Tremors, Terminator, T2, and Aliens. What do all of these films have in common other than the fact that they're amazing and probably your favorite? They were all produced by Gale Anne Hurd.
Hurd has brought so many great projects to life in her 35-year career, including one of the most watched TV shows out right now, The Walking Dead. At her SXSW keynote, she shared a bunch of useful insights into not only the world of producing, but also what it's like being a woman in the industry.
We've shared several takeaways from her keynote below:
Pay your dues
Like with many creative jobs, putting in work and paying your dues is expected if you want to get anywhere. Sometimes that means that you work as an assistant running errands, sometimes that means you're not getting paid for some of the work you do. But Hurd says keep at it. Work hard. Do favors. Do what you love and what you're passionate about.
If something speaks to you it's worth doing
What's the point of putting your energy into a project you don't care about? According to Hurd, there really isn't one. She recalled receiving two scripts in the late 80s, one of which she really loved, but was a little out there, and one that everyone around her told her to jump on because it was bound to be "the next big Hollywood blockbuster." So, she had to make a decision: does she get behind the weird low-budget film about giant earthworms, or the safer one that would appeal to a bigger audience? In the end, she chose the film that spoke to her, which turned out to be Tremors. The other one was called Downtown — ever heard of it? (Didn't think so.)
Embrace the bitch
When asked by a woman from the audience how to avoid being perceived as a bitch on-set, Hurd replied, "Oh, I embrace the bitch." Then — thunderous applause. This is a great lesson for not only female filmmakers, but all filmmakers: you're not going to be able to make everyone happy. Some people are just not going to like you for whatever reason. And yes, assertive women, get ready to be considered a bitch — it's just how it typically goes. But don't allow other people's perceptions of you, whether you're the asshole, bitch, or push-over, to take away from the positive side of your — uh — troublesome personality. Assert yourself, be a team player, and you should be just fine.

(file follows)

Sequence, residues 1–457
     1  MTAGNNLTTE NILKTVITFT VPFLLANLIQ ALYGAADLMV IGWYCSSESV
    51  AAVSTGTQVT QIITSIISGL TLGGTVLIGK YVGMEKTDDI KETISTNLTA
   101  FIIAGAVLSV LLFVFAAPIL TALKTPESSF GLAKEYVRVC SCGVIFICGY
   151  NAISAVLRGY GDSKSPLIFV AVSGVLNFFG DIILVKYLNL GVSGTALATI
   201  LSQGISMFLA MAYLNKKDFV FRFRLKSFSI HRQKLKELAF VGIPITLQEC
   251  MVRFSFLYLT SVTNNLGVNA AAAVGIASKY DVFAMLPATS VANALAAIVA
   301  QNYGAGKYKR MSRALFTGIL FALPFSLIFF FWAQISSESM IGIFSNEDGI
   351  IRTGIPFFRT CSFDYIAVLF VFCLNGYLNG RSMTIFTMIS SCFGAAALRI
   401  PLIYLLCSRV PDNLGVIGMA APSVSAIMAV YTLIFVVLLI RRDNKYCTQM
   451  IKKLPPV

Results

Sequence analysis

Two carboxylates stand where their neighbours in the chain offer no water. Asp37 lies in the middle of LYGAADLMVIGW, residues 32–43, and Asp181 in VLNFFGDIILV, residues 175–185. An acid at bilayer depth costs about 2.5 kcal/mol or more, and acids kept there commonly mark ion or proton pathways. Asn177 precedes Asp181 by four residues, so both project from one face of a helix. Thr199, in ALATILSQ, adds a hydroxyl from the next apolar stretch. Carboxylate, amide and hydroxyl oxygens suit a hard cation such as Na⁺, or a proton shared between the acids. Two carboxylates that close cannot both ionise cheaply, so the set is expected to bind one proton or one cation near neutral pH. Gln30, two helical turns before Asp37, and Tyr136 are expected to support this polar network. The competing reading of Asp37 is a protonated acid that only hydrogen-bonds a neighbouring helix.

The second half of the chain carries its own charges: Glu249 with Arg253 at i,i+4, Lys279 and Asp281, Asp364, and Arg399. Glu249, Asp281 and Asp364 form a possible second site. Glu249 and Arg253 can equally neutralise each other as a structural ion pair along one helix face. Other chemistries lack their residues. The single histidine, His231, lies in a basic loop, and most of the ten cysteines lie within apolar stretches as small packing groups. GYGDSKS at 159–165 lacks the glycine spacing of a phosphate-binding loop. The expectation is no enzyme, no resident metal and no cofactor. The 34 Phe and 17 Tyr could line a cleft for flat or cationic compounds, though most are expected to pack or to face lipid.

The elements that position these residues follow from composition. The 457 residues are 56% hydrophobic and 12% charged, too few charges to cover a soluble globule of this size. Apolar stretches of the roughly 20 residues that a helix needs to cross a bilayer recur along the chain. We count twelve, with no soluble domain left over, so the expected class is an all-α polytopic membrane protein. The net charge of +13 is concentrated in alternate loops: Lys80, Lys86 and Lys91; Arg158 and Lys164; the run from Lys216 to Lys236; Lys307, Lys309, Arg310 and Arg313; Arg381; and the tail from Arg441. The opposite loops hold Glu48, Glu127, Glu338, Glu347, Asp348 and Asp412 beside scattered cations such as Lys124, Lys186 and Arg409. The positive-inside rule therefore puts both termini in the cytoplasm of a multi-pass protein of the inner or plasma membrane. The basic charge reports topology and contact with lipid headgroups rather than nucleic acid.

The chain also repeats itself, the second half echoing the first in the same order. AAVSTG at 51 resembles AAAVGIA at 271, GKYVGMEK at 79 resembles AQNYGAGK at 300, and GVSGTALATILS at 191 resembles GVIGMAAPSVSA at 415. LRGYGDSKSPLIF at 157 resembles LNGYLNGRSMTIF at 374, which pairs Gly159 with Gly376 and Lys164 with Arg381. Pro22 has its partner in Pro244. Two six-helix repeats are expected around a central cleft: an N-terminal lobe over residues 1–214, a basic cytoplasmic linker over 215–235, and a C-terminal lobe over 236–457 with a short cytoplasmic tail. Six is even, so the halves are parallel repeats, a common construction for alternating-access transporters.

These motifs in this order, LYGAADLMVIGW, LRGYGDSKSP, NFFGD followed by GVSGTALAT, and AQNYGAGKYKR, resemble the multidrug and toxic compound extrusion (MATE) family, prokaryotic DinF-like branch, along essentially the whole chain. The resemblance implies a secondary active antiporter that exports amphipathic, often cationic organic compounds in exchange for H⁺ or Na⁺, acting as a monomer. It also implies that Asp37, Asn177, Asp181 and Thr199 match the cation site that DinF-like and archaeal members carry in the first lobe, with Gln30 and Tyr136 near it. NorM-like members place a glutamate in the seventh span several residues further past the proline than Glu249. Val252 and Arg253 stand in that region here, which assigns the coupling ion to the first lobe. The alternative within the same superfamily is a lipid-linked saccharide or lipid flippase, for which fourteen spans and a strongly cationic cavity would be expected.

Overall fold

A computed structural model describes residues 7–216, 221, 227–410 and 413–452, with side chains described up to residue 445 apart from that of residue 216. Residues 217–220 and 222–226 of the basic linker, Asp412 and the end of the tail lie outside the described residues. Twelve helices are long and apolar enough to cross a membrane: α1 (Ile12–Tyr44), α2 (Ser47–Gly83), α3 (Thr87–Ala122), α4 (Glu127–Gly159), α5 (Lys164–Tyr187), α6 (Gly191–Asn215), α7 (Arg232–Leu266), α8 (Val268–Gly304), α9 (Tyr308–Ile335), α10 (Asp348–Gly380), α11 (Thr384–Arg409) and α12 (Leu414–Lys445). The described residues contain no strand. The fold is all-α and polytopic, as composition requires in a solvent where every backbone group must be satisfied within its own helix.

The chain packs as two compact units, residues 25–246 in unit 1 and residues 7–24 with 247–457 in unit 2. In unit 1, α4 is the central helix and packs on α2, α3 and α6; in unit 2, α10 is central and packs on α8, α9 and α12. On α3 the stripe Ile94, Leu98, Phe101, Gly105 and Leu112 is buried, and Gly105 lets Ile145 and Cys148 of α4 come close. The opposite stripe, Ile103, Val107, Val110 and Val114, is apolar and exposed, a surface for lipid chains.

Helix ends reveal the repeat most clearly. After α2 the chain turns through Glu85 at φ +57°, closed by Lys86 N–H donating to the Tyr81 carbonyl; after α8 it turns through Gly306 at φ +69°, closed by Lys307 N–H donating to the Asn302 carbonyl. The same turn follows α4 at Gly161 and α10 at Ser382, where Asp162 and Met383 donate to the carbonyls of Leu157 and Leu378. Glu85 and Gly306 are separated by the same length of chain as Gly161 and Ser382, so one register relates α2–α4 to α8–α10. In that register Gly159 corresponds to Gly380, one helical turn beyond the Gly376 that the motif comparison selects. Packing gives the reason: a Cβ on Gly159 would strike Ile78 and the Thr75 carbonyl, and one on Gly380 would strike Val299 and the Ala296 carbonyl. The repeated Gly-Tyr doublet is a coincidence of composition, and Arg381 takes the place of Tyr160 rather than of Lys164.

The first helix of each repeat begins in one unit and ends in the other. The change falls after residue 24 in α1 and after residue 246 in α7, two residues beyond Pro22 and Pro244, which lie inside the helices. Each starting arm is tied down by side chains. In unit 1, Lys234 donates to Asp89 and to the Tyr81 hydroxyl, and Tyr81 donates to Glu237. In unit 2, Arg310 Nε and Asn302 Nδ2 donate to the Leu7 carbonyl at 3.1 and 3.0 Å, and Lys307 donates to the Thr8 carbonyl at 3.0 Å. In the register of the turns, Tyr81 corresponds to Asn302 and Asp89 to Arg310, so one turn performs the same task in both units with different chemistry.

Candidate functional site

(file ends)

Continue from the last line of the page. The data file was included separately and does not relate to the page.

Want to be a producer? Get on-set experience
This isn't about starting from the bottom and working your way up, although that's a good point also. This is about allowing your first-hand experience with different phases of production help you become a better producer. If you know what it's like to write a screenplay, or direct a film, or scout locations, all of that knowledge will inform the way you produce films in the future. So, putting it simpler, it's good to be well-rounded.
"There's no crystal ball."
At the end of the day, nobody knows anything. Some people might be telling you that a certain project is doomed, while another is destined for great success, but guess what — they have no damn clue. Hurd explained that, as a producer, of course you want your films to become successful and profitable, but there really isn't any way to know for sure. "There is no crystal ball," she said. This is why she suggests making films that you like and are passionate about, because, if you think about it, there's really nothing worse than making a film that you hate and having it tank at the box office. That's really adding insult to injury.
No Film School's coverage of the 2016 SXSW Film Festival is sponsored by SongFreedom.